7.1 megpixels is MORE than enough for the casual snapshooter.

The Canon model queried by the OP comes with a 16 MB (megabyte) card. That is barely large enough to have fun the moment the box is opened before the shutterbug is looking for a bigger card. A 1gb card is plenty. A 2gb might be a little better. They have gotten so cheap lately that buying either one shouldn't "hurt" too badly.

That is probably not a good idea. If the original photo is of a "small" size, both in JPEG compression and "fine-ness", it can never be improved. This is particularly important when one captures The Photo of a Lifetime or some, other special occasion where enlarged prints are a possibility.
Using a computer and basic software, a large-size photo can be easily downsized for emailing or other purposes where a high-resolution photo is not required. If it starts out low-res, there's no making it better.
Disk space has become almost cheap, too. Shoot your photos at the highest resolution and, if the disk fills-up, off-load the files to a spare drive and start over.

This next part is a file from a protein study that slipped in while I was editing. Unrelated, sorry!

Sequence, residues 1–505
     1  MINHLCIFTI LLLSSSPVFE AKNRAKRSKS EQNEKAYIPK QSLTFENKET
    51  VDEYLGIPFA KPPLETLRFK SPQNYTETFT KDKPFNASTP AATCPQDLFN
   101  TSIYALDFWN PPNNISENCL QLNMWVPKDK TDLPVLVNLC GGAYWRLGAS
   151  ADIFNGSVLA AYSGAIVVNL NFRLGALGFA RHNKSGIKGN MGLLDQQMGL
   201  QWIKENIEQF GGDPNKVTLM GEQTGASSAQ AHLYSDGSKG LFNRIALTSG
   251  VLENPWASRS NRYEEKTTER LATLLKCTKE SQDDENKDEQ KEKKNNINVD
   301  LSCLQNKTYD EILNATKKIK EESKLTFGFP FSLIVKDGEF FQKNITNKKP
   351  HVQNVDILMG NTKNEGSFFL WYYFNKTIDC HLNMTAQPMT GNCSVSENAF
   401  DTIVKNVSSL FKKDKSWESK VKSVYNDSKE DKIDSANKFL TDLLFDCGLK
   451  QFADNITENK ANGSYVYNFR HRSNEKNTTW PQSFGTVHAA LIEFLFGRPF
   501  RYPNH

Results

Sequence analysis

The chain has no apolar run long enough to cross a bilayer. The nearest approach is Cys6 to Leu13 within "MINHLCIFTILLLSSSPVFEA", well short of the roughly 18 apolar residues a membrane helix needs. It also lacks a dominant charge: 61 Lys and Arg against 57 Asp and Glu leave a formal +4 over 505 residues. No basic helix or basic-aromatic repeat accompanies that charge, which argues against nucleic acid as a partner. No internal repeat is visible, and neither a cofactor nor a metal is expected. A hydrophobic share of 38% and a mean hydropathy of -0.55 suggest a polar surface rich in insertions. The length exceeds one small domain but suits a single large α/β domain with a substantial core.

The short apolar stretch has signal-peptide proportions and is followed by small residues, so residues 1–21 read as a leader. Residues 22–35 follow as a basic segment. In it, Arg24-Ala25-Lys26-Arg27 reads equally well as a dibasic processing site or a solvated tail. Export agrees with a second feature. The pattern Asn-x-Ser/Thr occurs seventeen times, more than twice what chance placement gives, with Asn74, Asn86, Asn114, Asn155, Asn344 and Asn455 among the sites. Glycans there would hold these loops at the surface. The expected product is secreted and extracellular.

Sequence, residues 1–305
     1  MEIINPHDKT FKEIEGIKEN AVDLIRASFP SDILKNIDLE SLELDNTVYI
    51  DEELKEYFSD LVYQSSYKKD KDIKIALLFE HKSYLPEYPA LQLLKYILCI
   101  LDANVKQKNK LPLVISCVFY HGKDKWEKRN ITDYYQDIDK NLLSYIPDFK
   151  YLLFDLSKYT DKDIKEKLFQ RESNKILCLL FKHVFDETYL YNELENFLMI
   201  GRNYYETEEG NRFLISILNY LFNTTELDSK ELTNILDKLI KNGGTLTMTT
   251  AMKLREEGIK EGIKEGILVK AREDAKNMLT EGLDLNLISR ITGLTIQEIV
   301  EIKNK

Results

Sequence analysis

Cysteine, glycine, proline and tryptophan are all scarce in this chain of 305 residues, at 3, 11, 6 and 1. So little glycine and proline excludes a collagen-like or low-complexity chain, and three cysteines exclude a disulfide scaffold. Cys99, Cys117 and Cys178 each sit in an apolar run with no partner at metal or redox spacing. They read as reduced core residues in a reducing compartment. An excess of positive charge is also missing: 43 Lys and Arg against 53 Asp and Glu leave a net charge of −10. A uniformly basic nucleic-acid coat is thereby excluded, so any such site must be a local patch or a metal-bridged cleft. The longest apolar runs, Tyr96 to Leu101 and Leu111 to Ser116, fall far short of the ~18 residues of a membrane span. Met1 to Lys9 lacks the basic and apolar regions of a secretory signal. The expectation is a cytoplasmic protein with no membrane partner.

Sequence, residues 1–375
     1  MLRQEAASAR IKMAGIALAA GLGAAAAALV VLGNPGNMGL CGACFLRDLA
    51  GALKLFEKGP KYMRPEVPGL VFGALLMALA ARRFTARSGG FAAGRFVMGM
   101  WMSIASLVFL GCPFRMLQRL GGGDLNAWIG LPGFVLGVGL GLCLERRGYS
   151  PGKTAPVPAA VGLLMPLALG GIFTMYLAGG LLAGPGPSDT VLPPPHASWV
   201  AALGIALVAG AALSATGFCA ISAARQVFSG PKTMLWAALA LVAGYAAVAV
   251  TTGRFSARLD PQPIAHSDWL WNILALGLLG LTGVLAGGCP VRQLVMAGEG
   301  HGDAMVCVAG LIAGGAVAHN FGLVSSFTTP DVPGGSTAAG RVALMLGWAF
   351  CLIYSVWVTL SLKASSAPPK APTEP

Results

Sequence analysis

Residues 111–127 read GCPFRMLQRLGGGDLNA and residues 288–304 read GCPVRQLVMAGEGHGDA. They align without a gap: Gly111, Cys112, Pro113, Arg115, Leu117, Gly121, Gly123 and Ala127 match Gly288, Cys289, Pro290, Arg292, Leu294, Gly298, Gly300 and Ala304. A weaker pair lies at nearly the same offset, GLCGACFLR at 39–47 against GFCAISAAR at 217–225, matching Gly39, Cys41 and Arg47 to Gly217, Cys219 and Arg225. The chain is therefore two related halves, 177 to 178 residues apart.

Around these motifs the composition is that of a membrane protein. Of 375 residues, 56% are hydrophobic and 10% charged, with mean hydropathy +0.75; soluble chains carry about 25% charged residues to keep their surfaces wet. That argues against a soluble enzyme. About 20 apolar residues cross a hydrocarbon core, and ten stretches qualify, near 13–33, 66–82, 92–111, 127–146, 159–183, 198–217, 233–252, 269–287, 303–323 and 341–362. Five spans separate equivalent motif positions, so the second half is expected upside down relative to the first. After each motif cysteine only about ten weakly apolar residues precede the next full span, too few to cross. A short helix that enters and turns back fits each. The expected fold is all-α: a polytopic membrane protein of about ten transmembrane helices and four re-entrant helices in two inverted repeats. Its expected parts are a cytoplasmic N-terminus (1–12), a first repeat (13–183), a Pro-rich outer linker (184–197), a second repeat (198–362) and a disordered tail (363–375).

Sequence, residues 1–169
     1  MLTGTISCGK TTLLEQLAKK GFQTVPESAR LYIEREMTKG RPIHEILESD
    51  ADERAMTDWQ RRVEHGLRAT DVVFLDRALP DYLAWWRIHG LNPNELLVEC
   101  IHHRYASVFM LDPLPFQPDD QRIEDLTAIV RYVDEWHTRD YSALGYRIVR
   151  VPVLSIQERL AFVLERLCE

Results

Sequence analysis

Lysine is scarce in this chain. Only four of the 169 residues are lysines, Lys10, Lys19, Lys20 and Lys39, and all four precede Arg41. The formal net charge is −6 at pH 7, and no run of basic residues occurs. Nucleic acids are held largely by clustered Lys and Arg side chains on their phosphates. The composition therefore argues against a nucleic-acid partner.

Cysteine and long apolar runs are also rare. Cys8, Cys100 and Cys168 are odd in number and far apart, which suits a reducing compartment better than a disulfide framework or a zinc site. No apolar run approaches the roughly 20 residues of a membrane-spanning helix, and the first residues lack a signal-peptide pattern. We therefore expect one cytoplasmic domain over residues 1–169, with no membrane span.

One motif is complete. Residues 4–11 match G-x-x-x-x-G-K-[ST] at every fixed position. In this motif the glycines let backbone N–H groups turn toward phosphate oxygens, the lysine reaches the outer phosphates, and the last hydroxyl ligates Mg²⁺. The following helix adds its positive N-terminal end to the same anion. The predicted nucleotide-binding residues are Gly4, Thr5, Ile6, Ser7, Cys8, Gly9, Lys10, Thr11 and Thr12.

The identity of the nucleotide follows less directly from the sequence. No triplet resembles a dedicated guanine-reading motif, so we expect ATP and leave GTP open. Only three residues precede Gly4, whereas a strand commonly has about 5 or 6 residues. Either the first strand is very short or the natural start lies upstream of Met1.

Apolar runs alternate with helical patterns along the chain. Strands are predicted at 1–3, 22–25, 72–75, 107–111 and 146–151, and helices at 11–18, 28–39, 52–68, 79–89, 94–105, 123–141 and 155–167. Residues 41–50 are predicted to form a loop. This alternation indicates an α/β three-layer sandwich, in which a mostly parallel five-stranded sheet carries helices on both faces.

The OP's queried camera takes movies up to 60 fps (frames-per-second) with sound (probably monaural).
For B&H's $128 it sounds like a great camera.
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JR

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wrote:

I respectfully disagree. Or, at least, that is a misleading simplification of how megapixels work.
CY: OK, lets look at th at.
Assuming that no cropping of the image is done, and you print the photo no larger than 8x10, 3-4 megapixels is sufficient.
CY: The manual that came with mine said that different picture sizes (in terms of kb or mb) relate to different print sizes. I can choose 300 kb, up to 7 mb, I think it is. As I undertand, megapixels relates to the graininess of the image. Graininess is a very old term, from the black and white film days.
One would have to enlarge a photo to WALL POSTER-size to notice the difference between 4 MP and 7 MP.
CY: I'll take you word on that.